4. Berkesonian Bias – Differing rates of admissions to hospitals cause bias.
      5. Surveillance bias'- If a population is monitored-over a period of time, disease ascertainment may be better in the monitored population, than in the general population and may introduce a surveillance bias which leads to an erroneous estimate of RR or OR. E.g.-physicians monitored patients who had been prescribed OCPs much more closely than they monitored their other patients. As a result, They were more apt to identify cases of thrombophlebitis that developed in those patients who were taking OCPs (and who were therefore being more closely monitored) than among other patients who were not well monitored. As a result, just through better ascertainment of thrombophlebitis in women receiving OCPs, an apparent association of thrombophlebitis with OCPs may be observed, even if no true association occurs.
  1. Experimental studies
    1. Randomized Controlled Trial (AIIMS Nov’08)
      A randomized controlled trial is an experimental method where individuals are randomly
      allocated to an experimental or a control group and the effect or response of a drug or
      intervention is compared between the two groups.
      1. The two key features are ‘randomization’ and ‘controlled’. To
        ensure that there is no bias on part of the investigator, these trials are ‘blinded’
        – Blinding is done to Remove Measurement Bias.
        1. “Single” blind means the patients do not know what the intervention is.
        2. ‘Double’ blind means that neither the patient nor the researcher knows
          what the drug/intervention package is (MC Blinding design).
        3. ‘Triple’ blind means that the analysis team also does not know which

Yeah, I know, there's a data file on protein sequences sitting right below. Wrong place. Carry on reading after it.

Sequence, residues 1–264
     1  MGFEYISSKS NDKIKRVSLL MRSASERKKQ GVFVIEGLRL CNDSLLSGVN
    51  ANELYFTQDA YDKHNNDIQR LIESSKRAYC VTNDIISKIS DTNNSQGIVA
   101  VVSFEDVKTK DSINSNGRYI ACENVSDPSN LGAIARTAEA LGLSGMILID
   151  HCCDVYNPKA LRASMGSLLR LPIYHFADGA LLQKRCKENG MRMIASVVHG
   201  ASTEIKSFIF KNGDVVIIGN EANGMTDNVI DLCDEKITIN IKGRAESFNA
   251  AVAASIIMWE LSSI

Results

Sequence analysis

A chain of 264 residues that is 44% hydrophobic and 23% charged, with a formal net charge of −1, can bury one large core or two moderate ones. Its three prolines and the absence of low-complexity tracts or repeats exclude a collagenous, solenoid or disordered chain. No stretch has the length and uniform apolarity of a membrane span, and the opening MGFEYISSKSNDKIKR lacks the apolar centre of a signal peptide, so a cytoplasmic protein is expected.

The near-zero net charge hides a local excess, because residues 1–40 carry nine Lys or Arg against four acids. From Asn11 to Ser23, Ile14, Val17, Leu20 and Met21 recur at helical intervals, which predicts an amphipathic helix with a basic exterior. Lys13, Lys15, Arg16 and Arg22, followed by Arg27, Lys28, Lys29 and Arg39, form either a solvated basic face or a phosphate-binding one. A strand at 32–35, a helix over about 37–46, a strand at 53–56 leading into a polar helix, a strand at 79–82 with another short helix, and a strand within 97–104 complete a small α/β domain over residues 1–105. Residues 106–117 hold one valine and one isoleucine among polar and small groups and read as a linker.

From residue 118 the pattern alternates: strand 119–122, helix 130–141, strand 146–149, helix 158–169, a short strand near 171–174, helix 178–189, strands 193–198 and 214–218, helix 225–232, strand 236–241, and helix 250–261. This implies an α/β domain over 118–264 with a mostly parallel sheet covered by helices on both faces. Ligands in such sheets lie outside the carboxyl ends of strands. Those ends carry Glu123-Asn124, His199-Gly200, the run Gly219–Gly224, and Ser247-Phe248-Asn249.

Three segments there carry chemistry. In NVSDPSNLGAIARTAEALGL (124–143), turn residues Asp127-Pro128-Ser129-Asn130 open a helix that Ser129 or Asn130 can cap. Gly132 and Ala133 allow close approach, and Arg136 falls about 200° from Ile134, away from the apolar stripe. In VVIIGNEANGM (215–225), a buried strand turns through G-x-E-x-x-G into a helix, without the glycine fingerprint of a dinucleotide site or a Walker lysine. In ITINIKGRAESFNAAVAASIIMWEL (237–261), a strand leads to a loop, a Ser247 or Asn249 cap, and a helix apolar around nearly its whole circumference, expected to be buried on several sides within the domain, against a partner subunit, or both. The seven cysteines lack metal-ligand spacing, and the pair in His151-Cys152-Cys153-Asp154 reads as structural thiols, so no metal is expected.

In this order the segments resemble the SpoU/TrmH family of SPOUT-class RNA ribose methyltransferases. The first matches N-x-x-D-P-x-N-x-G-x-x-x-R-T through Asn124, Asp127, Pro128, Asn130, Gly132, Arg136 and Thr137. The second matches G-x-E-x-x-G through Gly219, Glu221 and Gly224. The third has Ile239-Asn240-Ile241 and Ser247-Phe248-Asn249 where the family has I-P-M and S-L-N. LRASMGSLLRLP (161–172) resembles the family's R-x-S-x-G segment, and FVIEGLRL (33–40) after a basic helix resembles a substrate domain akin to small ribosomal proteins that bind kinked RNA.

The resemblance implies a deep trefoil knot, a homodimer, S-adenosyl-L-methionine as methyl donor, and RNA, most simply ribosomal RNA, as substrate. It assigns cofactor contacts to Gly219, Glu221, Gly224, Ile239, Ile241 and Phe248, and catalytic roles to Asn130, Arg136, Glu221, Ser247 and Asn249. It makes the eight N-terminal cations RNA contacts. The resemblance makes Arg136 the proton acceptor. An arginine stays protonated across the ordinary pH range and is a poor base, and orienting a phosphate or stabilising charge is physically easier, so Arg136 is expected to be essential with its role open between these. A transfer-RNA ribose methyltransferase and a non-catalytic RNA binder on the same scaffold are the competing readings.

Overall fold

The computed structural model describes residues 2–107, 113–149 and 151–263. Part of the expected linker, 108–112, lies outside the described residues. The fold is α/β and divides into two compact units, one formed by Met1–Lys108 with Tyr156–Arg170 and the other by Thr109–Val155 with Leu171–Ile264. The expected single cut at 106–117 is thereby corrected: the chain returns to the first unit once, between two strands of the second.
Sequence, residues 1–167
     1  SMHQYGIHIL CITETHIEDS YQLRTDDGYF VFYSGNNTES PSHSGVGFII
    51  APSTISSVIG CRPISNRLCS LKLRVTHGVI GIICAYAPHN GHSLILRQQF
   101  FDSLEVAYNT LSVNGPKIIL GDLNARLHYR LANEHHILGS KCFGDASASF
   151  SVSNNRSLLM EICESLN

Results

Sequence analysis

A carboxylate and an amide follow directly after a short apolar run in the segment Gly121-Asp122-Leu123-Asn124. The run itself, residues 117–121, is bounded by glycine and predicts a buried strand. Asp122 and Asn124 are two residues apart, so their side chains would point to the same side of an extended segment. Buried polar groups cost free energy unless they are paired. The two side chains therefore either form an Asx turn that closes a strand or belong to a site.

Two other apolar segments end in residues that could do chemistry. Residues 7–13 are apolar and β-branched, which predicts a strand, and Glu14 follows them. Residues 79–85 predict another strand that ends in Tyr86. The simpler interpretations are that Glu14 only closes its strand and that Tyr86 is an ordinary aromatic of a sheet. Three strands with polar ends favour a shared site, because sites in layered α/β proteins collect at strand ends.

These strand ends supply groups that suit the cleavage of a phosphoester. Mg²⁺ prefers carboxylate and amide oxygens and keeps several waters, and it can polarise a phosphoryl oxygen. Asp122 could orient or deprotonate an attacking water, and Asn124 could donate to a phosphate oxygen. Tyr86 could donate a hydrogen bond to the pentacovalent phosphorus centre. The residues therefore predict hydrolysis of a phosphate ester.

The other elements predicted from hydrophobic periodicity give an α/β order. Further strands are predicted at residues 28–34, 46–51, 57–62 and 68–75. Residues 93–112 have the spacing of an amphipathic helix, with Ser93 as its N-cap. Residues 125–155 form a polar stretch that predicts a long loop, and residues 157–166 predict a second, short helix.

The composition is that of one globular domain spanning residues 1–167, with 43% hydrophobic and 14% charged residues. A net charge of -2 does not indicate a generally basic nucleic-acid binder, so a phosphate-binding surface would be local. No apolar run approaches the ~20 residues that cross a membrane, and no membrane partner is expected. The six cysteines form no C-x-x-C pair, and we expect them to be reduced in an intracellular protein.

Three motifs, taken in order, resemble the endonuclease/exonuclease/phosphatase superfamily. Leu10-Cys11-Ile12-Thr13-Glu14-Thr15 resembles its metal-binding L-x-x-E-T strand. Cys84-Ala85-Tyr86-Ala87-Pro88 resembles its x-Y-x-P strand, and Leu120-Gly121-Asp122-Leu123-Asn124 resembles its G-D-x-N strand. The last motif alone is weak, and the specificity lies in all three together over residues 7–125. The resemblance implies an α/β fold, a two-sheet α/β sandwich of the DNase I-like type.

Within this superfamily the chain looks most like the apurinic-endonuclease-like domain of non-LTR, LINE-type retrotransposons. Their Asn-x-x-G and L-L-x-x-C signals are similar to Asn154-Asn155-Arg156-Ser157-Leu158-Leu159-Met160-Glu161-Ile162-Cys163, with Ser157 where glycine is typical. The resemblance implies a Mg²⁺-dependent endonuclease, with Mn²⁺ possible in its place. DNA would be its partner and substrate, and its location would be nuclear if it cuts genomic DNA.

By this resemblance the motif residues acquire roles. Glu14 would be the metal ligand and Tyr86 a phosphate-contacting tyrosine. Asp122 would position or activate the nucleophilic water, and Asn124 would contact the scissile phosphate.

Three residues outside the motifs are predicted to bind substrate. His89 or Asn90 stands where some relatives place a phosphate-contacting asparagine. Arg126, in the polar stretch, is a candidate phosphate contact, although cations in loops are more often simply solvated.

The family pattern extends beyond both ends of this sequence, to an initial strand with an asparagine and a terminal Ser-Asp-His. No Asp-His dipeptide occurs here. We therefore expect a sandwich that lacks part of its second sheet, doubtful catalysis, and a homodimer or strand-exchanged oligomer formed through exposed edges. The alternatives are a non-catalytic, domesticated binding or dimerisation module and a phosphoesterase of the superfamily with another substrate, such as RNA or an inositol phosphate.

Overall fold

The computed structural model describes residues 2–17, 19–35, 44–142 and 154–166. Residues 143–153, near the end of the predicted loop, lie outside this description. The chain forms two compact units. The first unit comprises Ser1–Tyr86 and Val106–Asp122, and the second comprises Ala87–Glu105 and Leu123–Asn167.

is the experimental and which is the control group till the study has been
          completed.(Best Blinding Design).
      2. A unique strength of this type of study is that it eliminates confounding bias both
        known and unknown.
      3. Drawbacks of RCT:-
        1. External Validity that refers to the extent to which results can be generalized to
          a broader community.
        2. In RCT for including the persons in trial a screening test is done then only they
          are included in the trial and this may lead to that the volunteers selected in trial
          may be different from those who do not for e.g. Their health may be better.
        3. RCT cannot be used in some instances such as exposure to the harmful materials
          e.g. toxins bacteria etc.
    2. ​​Non randomized control trials:
      In some trials the participants are not randomly allocated to the exposures e.g. treatment or prevention strategies instead of using true random techniques the researcher uses alternate techniques e.g. Alternate allocation.
      The measurement of the out come is as same as the Cohort study.
      Drawback is chances of selection bias.
    3. Community Trial:
      A community trial is a modification of the clinical trial where instead of individuals being
      allocated to experimental or control groups, whole communities are randomly allocated to
      receive specific interventions and analysis is done for whole communities rather than for
      individuals in the communities. Vitamin A supplementation trials, iron supplementation
      or iodine supplementation trials are all examples of community trials.
    4. Vaccine trial
      1. When a randomized control trial is done to test the efficacy of a vaccine in preventing
        disease, it is called a vaccine trial.
      2. Double-blind randomized control trial is the most common type of experimental study